Five benefits of group prenatal care with OHSU’s nurse-midwives
At the OHSU Center for Women’s Health, nurse-midwife Rebecca Soderlind Rice, D.N.P., CNM, FNP, is leading a discussion about the early stages of labor. A group of pregnant people – many with their partners – listen and ask questions attentively. After all, pregnancy and birth are a new experience for most of them, and they know labor doesn’t always happen like it does in the movies.
The conversation is one of seven sessions in the group prenatal care program offered by OHSU’s nurse-midwives. The two-hour sessions happen monthly, then biweekly, from about 20 weeks through 36 weeks gestation. In this model, members gather for education and discussion as a group, as well as for individual check-ins with the midwife.
We asked Soderlind Rice why group prenatal care is so popular, and she shared five great benefits of the program.
- You’ll spend much more time with a midwife.
An individual prenatal care visit lasts 20 minutes, but a group prenatal care visit lasts two hours.
“There’s time structured out for individual appointments, where you get one-on-one time with the midwife,” says Soderlind Rice. “But, you also get this one-hour-plus session on a variety of pregnancy, birth and postpartum topics.” Group prenatal care gives expecting parents the opportunity to hear from others and learn more about pregnancy and childbirth with each session.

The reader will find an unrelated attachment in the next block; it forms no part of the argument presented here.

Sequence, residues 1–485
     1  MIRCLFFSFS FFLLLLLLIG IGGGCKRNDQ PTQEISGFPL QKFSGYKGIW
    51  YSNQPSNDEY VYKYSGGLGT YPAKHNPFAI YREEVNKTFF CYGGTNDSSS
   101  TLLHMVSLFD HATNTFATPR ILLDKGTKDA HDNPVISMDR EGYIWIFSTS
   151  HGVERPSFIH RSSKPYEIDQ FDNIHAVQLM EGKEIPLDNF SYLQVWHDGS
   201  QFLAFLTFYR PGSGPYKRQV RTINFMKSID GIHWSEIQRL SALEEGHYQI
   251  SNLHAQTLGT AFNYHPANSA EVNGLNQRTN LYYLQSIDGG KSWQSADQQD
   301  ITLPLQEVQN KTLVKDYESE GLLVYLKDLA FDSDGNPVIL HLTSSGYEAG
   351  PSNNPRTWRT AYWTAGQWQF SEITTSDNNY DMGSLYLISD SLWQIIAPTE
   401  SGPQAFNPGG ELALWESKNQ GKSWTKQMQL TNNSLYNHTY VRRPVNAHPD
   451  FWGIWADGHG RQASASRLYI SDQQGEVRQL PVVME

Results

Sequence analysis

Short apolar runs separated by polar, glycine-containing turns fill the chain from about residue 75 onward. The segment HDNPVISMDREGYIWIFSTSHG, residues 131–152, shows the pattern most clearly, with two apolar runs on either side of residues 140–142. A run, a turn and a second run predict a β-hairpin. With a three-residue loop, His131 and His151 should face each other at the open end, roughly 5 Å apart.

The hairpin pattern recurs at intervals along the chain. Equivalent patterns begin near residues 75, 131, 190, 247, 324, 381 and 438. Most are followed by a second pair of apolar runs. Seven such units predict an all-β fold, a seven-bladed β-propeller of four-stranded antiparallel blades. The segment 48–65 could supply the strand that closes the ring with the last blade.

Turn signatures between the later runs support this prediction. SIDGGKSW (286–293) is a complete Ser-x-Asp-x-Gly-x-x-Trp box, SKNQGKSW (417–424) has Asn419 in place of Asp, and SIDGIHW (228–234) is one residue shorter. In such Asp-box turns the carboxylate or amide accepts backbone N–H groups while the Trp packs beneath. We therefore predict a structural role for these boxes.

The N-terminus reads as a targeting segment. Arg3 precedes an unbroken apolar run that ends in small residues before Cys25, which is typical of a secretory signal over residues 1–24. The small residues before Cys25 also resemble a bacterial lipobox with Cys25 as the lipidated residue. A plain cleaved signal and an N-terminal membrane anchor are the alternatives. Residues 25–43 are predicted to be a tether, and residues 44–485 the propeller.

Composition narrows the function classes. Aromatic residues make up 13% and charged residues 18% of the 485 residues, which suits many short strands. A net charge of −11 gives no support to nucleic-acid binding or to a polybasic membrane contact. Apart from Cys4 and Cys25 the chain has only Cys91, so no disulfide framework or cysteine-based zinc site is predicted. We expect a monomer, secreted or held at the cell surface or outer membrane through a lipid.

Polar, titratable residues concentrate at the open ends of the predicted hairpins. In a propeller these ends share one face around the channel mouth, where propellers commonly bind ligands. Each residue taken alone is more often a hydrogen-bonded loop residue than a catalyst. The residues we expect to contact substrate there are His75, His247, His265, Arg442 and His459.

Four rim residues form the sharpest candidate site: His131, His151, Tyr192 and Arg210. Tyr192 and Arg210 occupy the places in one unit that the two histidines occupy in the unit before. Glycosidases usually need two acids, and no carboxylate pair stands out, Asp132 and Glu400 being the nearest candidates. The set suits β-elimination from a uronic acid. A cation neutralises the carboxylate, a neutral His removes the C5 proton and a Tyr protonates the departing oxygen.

- It’s still a medical visit.
While education and discussion are an important part of the program, medical care with a midwife is, too. During the one-on-one time, midwives take vital signs and measurements, listen to the baby’s heart tones, and answer any questions people would prefer not to cover with the group. If there are any concerns, such as high blood pressure or pre-term contractions, those are addressed just like during a regular medical visit.
- Empowerment through community.
Maybe you’re new to Portland or maybe you just don’t have many friends who are building their families right now. Through group prenatal care, you’ll meet people who are going through the same thing at the same time.
“The community that you get in group prenatal care is one of the most enduring things that patients talk about and appreciate,” says Soderlind Rice. “Parents build lasting relationships even after their babies are born.”
- You’ll get more information, including what you didn’t think to ask about.
Each of the seven sessions has a topic, and there’s plenty of time to dive deep on each one. For example, a session is devoted to each stage of labor, while other sessions focus on breastfeeding or post-partum healing and expectations.
“You get to be with other parents and their support person and talk about your diverse experiences,” says Soderlind Rice. “Sometimes parents have other births they have been through and they can also share those experiences.
“There really is a sense of conversation and shared ownership,” adds Soderlind Rice. “It's not a lecture, it's a conversation.”
- It works. Group prenatal care participants have better birth outcomes.
The OHSU nurse-midwives have studied the group approach and the difference it makes. Research shows that people who choose group care are more dilated when they arrive at labor and delivery and spend less time at the hospital, overall. They also have lower rates of C-sections or birth interventions.
“Patients report increased satisfaction with group prenatal care,” says Soderlind Rice, who adds that attendance is also shown to be higher in group settings.
While each pregnancy and birth story is different, group prenatal care creates a community that goes through the life-changing experience together.